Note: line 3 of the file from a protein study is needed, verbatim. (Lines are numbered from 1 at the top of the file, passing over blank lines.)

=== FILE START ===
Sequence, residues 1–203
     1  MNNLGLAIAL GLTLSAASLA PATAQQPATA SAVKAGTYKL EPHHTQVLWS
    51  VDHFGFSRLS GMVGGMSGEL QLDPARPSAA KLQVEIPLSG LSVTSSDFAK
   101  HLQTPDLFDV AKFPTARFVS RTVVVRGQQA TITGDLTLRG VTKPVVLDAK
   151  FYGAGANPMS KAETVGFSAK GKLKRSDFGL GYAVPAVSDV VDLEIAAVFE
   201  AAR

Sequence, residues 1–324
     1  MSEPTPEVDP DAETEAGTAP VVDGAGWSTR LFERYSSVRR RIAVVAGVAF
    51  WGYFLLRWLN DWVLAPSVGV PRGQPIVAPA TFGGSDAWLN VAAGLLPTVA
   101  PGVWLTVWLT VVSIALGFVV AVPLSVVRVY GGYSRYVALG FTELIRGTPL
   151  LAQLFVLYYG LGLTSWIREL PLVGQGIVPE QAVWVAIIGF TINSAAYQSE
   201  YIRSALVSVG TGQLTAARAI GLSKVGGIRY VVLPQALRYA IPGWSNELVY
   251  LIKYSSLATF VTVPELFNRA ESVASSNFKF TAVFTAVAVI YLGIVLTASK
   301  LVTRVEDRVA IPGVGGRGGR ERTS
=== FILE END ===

    51  VDHFGFSRLS GMVGGMSGEL QLDPARPSAA KLQVEIPLSG LSVTSSDFAK